Yet, the media’s sway remains, and respected editors, writers and pundits continue to serve as a critical audience for any company with growth aspirations.
I was reminded of this when Strategic Communications Group (Strategic) was tasked by long-standing client GovDelivery to announce their acquisition of GovLoop.
We tapped into social networks and connected with a myriad of Web 2.0 influencers to share this exciting news. However, it was the good, old fashioned press coverage we generated from business, financial and trade media that truly made this a portfolio-worthy effort.
Social Networking Entrepreneur Taking It to the Next Level
Facebook for Government Enters New Phase
Social Network GovLoop Sold to GovDelivery
Facebook for Feds Social Networking Site Acquired
The take-away here is when it comes to marketing promotion, PR professionals should strive for a healthy balance. It’s critical to connect with key audiences through a mix of both traditional and emerging channels of communications.
Sunday, October 4, 2009
My 20-year high school reunion was a real dud and I blame Facebook.
It certainly wasn’t the fault of the organizing committee. They hired an experienced management company, meticulously compiled a list of the 400 or so graduates and promoted the event religiously.
So why was the turn out a mere 10 percent of the class of 1989?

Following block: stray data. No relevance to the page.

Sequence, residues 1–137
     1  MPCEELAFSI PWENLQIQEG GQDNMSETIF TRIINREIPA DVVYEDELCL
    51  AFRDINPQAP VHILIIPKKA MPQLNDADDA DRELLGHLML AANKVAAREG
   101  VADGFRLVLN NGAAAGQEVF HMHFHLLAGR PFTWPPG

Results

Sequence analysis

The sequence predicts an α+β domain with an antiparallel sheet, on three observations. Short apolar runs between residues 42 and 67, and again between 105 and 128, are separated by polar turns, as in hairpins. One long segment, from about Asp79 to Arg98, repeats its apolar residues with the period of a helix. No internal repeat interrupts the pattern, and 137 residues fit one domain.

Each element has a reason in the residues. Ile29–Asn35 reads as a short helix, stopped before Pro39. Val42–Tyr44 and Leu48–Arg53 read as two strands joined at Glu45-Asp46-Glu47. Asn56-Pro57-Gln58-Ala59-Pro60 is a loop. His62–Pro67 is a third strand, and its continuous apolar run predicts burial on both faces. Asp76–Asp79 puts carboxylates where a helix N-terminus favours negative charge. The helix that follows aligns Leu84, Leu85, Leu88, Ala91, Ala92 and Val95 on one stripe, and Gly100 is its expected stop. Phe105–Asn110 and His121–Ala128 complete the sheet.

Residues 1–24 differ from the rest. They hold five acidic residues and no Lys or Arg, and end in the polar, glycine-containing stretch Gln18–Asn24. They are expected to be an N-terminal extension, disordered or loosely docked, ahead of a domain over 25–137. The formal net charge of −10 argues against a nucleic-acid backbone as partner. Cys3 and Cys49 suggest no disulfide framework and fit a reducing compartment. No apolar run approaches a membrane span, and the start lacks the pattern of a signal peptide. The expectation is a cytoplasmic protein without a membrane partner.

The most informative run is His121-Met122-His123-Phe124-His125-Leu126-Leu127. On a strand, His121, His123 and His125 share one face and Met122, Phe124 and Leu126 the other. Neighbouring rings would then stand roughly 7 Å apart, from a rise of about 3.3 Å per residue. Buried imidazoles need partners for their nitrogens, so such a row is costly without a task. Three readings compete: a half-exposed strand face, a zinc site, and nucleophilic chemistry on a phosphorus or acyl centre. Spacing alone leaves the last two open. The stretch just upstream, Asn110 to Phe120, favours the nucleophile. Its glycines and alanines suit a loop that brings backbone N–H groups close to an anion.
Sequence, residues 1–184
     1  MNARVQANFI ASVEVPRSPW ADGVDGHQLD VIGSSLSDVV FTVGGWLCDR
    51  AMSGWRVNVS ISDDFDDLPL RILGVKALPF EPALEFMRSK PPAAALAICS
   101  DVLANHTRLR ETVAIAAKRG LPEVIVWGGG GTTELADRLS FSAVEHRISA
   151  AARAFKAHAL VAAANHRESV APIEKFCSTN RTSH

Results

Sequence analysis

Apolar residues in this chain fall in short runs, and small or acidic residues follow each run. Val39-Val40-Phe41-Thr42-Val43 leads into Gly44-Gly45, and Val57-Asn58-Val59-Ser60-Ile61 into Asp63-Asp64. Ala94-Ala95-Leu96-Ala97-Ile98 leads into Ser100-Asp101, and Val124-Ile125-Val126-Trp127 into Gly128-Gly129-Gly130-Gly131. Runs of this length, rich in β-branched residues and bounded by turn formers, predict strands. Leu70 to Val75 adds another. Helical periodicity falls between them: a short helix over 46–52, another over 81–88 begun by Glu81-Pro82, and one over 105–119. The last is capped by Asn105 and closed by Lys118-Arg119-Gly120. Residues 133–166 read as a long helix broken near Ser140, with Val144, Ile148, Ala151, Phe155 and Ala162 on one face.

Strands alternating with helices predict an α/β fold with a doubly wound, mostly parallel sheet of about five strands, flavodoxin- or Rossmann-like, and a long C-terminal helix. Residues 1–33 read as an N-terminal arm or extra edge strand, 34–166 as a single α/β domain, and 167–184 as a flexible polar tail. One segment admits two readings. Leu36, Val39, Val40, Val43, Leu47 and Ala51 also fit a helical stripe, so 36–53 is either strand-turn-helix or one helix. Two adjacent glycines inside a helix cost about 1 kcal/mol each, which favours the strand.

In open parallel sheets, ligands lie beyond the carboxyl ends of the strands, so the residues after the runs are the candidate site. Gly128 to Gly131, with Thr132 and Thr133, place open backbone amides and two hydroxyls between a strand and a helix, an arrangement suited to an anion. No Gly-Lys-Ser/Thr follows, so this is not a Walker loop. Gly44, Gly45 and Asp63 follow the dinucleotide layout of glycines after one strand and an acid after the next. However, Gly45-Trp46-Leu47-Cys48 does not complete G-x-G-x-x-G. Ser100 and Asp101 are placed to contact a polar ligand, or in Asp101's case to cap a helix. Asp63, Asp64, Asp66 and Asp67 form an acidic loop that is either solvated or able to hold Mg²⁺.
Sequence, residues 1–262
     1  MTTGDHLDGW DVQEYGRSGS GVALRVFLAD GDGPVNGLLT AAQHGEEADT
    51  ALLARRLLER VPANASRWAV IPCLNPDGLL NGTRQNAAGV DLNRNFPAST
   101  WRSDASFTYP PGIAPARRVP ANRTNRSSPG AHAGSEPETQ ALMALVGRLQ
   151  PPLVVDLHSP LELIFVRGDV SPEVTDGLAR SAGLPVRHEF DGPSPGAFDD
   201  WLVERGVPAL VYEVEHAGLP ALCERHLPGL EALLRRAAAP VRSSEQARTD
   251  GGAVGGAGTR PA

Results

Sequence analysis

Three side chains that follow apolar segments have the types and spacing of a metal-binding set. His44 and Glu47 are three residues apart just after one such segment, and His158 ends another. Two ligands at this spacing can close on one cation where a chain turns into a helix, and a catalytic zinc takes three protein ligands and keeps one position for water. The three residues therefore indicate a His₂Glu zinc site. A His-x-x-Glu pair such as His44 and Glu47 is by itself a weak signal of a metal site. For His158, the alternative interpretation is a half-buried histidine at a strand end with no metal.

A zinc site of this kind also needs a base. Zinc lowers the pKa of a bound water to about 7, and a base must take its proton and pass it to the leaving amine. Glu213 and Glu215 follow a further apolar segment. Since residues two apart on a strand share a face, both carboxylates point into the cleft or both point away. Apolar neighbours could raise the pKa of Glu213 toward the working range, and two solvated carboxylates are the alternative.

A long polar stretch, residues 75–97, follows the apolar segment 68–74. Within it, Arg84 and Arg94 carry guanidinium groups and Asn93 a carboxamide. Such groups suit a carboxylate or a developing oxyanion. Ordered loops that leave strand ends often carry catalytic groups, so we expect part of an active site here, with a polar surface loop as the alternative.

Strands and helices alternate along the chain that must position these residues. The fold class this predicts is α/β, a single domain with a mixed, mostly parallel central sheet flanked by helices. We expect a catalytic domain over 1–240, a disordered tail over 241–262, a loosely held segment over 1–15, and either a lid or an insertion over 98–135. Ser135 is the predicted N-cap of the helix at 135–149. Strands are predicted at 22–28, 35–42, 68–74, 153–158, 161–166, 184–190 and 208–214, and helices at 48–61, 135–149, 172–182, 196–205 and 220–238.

It’s because thanks to that 300 million member social community there is little value in attending a reunion. I am already clued in to what most fellow classmates are up to. I’ve read their updates. I have seen their photos. Heck…I probably know more about them now then when we sat in the same junior English class.
Admittedly, I did hesitate a bit before scratching out a $150 check for my wife and me to attend this past Saturday’s event. Apparently, I wasn’t the only one with reservations. Most of my former classmates elected to save their money and simply spy the post-event photos on Facebook.
Will there even be reunions by the time my 30-year rolls around? It’s a legitimate question.
This Web 2.0 era of the past 36 months has forever disrupted a myriad of tried and true business models. Just ask any publisher.
In fact, the Washington Post published a fascinating article a few weeks back which predicts the demise of the traditional higher education campus setting. Before you discount this, consider that by the time my six-year-old is college aged a year’s tuition at a state school in Maryland will run about $80,000. Something has got to change.
Business evolution is unrelenting and casts aside industries that lack adaptability.
For me, I was sadly reflective as my wife and I walked to the car after the reunion. Perhaps I’ll share this with a few of my close friends from high school. I’ll send them a message on Facebook.